Digital Scholarship | Digital Scholarship Publications Overview | Sitemap

DuraSpace Gives Automatic DuraCloud Access to Internet2 Members

DuraSpace has given automatic DuraCloud access to Internet2 members.

Here's an excerpt from the press release:

DuraSpace and Internet2 announced today at the Spring 2012 Internet2 Member Meeting that Internet2 members now have automatic access to DuraCloud [http://duracloud.org], a trusted service for archiving and managing content in the cloud featuring one-click creation of many copies, in multiple locations with several providers.

DuraCloud is the first Internet2 NET+ community-developed service aimed at meeting the preservation needs of Internet2 members. As the only managed software service that lets organizations archive content across more than one cloud provider, DuraCloud ensures that irreplaceable documents, imagery and videos are always accessible.

Here's a list of higher education Internet2 members.

Read more about it at "Internet2, 16 Major Technology Companies Announce Cloud Service Partnerships to Benefit the Nation's Universities."

| Institutional Repository and ETD Bibliography 2011 | Digital Scholarship |

Michele Kimpton Named Chief Executive Officer of DuraSpace

DuraSpace has named Michele Kimpton as its Chief Executive Officer.

Here's an excerpt from the announcement:

DuraSpace, a not-for-profit organization providing open source software and services, announced today that Michele Kimpton will assume the role of Chief Executive Officer, effective March 1, 2011. Kimpton is currently the Chief Business Officer of DuraSpace, and formerly the Executive Director of the DSpace Foundation.

Kimpton will succeed current CEO, Sandy Payette, who will be entering a doctoral program at Cornell University to pursue a PhD and new research focused on the intersection of technology, society, and policy. Payette will continue to work with DuraSpace as strategic advisor to the Executive Team through June 2011. Brad McLean will continue in his current role on the Executive Team as Chief Technology Officer. . . .

Also effective March 1, 2011, Jonathan Markow will assume the newly created position of Chief Strategy Officer for DuraSpace. Markow brings years of experience in open source software strategy and community leadership. Most recently, Markow was the Executive Director of JASIG, a not-for-profit organization devoted to sponsoring and supporting open source software for higher education.

Kimpton was recently featured by the Library of Congress as a "Digital Preservation Pioneer" for her work in developing entrepreneurial, community-driven and culturally sensitive approaches to creating tools and strategies in support of digital archiving (http://www.digitalpreservation.gov/partners/pioneers/detail_kimpton.html). Kimpton’s ability to create nimble technologies and solutions that are "out of the gate" quickly were especially noted. Kimpton says, "Get a version out into the world as soon as possible and refine it as you go along." She has a strong background in technology development in Asia and Europe bringing innovative open source business practices and technologies to DuraSpace global communities.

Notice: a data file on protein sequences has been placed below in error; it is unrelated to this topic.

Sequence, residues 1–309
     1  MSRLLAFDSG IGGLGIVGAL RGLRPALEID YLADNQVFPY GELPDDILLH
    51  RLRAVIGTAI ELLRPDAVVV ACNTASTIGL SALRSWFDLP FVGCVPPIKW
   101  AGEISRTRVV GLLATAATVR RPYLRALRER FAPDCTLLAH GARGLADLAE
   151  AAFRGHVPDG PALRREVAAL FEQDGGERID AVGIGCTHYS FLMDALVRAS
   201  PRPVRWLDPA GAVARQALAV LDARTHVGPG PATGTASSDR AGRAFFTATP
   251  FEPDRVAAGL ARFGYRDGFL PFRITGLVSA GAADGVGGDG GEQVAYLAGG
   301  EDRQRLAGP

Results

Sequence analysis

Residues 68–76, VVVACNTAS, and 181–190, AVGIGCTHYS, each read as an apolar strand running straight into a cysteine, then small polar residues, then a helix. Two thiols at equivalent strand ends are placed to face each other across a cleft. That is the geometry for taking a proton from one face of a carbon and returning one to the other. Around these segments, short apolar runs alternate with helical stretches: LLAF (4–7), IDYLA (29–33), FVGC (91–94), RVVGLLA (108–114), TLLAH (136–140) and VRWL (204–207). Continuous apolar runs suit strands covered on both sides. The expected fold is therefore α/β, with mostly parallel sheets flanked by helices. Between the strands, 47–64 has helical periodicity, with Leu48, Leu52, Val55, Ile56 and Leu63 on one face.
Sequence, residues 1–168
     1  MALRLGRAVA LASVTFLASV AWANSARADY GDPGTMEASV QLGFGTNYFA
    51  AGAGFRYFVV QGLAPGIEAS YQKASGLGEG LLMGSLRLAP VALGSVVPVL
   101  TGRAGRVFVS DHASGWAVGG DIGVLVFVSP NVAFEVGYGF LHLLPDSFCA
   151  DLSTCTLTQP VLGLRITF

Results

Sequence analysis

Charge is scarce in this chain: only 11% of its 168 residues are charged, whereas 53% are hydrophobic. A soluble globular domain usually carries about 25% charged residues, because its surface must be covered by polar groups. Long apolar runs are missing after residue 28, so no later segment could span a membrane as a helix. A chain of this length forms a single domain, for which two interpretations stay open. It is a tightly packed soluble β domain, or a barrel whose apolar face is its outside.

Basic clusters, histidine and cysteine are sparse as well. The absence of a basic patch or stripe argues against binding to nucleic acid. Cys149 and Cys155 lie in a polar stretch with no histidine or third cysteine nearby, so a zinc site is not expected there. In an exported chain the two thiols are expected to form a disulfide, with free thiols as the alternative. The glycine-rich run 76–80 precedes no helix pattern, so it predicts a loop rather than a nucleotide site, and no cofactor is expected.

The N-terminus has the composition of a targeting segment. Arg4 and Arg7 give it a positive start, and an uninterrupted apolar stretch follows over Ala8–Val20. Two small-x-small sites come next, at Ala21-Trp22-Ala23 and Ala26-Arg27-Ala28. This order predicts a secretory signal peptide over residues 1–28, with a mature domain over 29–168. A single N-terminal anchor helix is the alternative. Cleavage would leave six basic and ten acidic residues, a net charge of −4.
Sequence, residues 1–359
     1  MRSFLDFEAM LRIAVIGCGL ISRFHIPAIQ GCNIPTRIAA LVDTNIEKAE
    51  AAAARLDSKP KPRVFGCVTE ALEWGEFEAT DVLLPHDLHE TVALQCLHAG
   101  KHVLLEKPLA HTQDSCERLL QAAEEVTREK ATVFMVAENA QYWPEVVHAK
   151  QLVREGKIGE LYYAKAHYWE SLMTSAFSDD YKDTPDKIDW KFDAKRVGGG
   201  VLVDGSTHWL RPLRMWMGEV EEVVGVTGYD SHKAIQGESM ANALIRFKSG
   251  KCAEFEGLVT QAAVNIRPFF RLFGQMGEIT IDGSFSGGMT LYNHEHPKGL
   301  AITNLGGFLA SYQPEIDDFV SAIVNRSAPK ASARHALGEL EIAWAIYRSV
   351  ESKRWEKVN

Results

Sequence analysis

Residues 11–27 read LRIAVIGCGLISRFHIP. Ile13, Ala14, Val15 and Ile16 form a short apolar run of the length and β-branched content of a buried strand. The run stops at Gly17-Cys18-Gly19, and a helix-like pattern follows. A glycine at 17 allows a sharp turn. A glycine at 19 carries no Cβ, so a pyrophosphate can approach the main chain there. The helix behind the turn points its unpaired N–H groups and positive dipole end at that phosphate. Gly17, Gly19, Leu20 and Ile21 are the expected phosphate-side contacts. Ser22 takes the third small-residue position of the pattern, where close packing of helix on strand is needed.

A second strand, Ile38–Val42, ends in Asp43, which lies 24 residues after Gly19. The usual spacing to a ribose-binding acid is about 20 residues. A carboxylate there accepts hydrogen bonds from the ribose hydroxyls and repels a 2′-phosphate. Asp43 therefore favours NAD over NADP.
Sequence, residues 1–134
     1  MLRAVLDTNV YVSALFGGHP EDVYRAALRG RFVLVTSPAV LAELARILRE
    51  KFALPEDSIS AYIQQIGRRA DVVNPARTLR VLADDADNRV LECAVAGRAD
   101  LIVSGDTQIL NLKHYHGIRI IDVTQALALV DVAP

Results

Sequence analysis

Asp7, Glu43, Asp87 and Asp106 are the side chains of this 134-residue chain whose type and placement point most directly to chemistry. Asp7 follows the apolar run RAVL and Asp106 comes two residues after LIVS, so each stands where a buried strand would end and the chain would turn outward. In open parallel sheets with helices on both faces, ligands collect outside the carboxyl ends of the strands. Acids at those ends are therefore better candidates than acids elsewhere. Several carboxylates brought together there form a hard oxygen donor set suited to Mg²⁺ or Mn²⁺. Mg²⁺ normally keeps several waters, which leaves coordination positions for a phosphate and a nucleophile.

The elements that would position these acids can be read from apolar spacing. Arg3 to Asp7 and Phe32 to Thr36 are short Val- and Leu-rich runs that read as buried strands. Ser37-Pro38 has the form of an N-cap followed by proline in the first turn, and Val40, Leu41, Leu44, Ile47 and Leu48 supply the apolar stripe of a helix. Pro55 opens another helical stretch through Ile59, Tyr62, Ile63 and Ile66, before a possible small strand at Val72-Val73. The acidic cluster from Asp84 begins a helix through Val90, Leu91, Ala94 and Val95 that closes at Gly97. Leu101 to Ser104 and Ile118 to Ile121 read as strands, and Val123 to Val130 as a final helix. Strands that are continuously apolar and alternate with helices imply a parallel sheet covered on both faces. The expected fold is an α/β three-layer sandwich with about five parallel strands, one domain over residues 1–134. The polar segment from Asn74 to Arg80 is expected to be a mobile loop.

| Digital Scholarship | Digital Scholarship Publications Overview |

Over 1,000 DSpace Repositories in about 100 Countries Registered

There are now over 1,000 known DSpace repositories.

Here's an excerpt from the DuraSpace announcement

The DSpace user community has reached a major milestone. There are now over 1000 known instances of DSpace installed in almost 100 different countries worldwide. DSpace continues to be the most popular repository solution, with well over a third of the known institutional repositories using the DSpace software. Each month over the last year, the DSpace registry has added between 20-30 new repositories. Check out "Who's Using DSpace" to see the complete list. . . .

Over the last year, DSpace repositories were launched in 25 new countries, including: Bulgaria, Cameroon, Cyprus, Dominican Republic, El Salvador, Kazakhstan, Kenya, Kyrgyzstan, Latvia, Lebanon, Lithuania, Malawi, Malta, Mozambique, Nepal, Poland, Puerto Rico, Qatar, Romania, Senegal, Serbia, Sri Lanka, Tansania, Uruguay, Zambia.

The countries that had the largest increase in the number of DSpace repositories were: Japan +33, Taiwan +28, USA +16, Spain +13, Brazil +12, Ecuador +11, China +10, Portugal +10, Ukraine +10, South Africa +8, Thailand +7, Vietnam +7.

Also of interest is the number of highly ranked DSpace repositories listed in the January 2011 edition of the Ranking Web of World Repositories.

Here's an excerpt from the DuraSpace announcement

In overall, DSpace’s presence among the top 100 listed repositories has grown tremendously, with 51 repositories listed now, compared to 41 in July 2010, 45 in January 2010 and 43 in January 2009.